Friday, December 23, 2011

Sad News from the Lake

Sadly, the wonderful storyteller and always entertaining Mike died last weekend. We'll miss visiting her at Snails Pace Acres. The kids have so many fond memories of time with Mike - riding horses, speeding around in her golf cart, and listening to her stories. Her funeral is today in Conneaut Lake. Fittingly, the bar where Mike and Curly met is not the funeral home that is arranging her service and burial.
From the Meadville Tribune:

December 19, 2011

Michael Maria Frist Schell

MEADVILLE — Michael Maria Frist Schell, 67, of Conneaut Lake, died Sunday, Dec. 18, 2011, at the Cleveland Clinic, Cleveland, Ohio.

She was born in Meadville, May 19, 1944, a daughter of Joseph and Blanche Ramsey Frist. She underwent the first successful Spina Bifida operation in Pittsburgh, shortly after her birth. She married Elwood G. (Curly) Schell on March 17, 1983, and he survives.

Everyone knew her as Mike and as she would often say when questioned, her “father wanted a boy.” She graduated from Conneaut Lake High School and attended Point Park College. She worked for several years at the state Employment Office in Meadville. She and her husband were the proud owners of Snail’s Pace Acres, where they bred and raised Morgan show horses.

She enjoyed raising and showing her Morgan horses, not only on the local level, but in world competitions at the Morgan Grand Nationals held in Oklahoma City, Okla. She loved dogs and rescued many of her pets from the Humane Society. She loved her animals and the farm. She was also an avid Pittsburgh Steeler fan, having attended the first four Super Bowls won by Pittsburgh and many games thereafter. Her last Steelers/Browns game she went to was on Dec. 8, 2011. They won. GO STEELERS!

Survivors, in addition to her husband, Curly, of 28 years, include a brother, Ramsey H. Frist of Pittsburgh; a sister, Lorraine Fought of Georgetown, Texas; two nieces, Heidi M. Frist and Erica A. Canfield; two nephews, Jon R. Frist and Stephen Fought; six grandnephews, Ian S. Frist, J. Alex Canfield, Colin F. Canfield, William R. Derry, Thomas H. Derry and Garret Hershberger; and two grandnieces, Jillian C. Frist and Ava M. Canfield.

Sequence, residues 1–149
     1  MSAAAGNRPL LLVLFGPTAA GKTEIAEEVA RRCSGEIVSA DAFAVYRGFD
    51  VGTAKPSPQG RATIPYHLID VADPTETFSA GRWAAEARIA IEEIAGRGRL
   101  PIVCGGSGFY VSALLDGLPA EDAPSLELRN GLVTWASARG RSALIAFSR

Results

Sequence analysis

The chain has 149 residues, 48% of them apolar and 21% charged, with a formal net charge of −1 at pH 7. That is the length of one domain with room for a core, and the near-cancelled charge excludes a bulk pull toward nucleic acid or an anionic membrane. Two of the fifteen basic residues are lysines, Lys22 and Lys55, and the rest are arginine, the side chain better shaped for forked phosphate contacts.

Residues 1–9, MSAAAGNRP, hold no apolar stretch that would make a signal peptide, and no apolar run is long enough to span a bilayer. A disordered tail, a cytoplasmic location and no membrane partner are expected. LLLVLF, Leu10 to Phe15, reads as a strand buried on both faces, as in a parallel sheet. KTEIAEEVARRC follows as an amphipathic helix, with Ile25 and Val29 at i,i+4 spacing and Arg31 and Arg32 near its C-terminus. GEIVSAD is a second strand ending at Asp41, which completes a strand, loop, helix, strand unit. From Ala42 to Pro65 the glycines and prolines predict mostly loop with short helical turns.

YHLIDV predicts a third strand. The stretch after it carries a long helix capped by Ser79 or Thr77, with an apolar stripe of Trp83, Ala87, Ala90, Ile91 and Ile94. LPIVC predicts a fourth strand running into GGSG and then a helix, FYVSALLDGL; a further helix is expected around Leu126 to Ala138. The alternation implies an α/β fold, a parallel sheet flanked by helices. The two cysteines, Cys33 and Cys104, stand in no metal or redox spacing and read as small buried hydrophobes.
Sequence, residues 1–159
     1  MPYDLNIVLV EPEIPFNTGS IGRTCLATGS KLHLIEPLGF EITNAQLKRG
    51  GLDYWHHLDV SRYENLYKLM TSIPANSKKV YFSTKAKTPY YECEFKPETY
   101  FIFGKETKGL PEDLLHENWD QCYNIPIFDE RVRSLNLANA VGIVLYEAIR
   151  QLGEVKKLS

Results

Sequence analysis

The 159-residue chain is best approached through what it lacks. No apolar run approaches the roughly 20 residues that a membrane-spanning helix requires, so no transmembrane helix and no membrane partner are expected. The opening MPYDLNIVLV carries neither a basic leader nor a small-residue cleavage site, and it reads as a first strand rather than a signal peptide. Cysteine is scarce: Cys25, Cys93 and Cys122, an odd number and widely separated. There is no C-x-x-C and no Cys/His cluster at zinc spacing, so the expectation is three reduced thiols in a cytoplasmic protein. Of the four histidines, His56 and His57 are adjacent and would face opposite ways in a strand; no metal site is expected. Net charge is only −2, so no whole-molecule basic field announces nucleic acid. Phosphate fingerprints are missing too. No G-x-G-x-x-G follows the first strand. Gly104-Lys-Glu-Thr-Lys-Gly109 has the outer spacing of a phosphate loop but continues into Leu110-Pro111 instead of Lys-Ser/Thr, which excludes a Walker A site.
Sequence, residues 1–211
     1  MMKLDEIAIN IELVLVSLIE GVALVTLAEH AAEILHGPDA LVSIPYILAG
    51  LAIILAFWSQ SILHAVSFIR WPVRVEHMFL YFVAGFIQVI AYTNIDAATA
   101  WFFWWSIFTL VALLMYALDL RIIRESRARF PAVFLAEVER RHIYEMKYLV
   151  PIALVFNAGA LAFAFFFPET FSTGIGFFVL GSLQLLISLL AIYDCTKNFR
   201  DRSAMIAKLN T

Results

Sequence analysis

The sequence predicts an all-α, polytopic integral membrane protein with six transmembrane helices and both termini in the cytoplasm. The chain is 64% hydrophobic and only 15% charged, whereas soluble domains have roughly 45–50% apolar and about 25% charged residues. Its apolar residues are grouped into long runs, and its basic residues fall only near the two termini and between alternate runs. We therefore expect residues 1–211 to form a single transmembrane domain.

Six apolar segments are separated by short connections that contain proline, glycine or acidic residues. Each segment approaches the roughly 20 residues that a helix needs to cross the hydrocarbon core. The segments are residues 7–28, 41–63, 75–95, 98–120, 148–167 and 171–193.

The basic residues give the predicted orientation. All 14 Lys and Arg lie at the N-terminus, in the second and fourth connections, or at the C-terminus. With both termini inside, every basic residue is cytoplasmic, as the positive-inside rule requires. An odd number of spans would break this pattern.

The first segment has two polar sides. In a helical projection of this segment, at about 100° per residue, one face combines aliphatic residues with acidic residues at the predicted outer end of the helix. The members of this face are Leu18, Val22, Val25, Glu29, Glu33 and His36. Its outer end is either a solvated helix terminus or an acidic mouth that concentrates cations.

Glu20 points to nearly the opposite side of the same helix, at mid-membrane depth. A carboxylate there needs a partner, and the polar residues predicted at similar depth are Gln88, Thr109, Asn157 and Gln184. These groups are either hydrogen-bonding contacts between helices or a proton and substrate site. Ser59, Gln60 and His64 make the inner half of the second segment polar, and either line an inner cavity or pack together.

In addition to her parents, she was preceded in death by a sister, Ida Grace Hershberger; a nephew, Harry (Buddy) Hershberger; and a grandnephew, Patrick J. Derry.

Calling hours will be Thursday from 3 to 7 p.m. at Waid-Coleman Funeral Home Inc., 12422 Conneaut Lake Road, Conneaut Lake.

The funeral service will be Friday at 10:30 a.m. at the funeral home, with the Rev. Dave Brumagin, associate pastor of Trinity United Methodist Church, officiating.

Interment will be in Roselawn Memorial Gardens.

The family suggests memorials be made to the Cleveland Clinic Foundation, PO Box 931517, Cleveland, Ohio 44193-1655; or the Crawford County Humane Society, 11012 Kennedy Hill Road, Meadville, Pa. 16335.

Memories and condolences can be shared at

Sunday, November 20, 2011

New Railroad and Tooling Museum Coming to Meadville!

Finally, the Conneaut Lake/Meadville area will have a museum to pay tribute to the area's rich history!

From the Meadville Tribune:

November 18, 2011

Site selected for Railroad and Tooling Heritage Center

By Ryan Smith
Meadville Tribune
MEADVILLE — The best museums, according to Ed Cronin, are those that present a true sensory experience: Sights, sounds, things to touch and smell ... and taste.

He said he’s spent a fair share of time thinking about how to incorporate that last one into the Meadville area’s industrial history-on-display at the planned Northwestern Pennsylvania Railroad and Tooling Heritage Center. The answer — a “ ‘Eureka’ moment,” he said — came to him over his morning cereal on Thursday: A chocolate chip cookie for every person who walks through the door.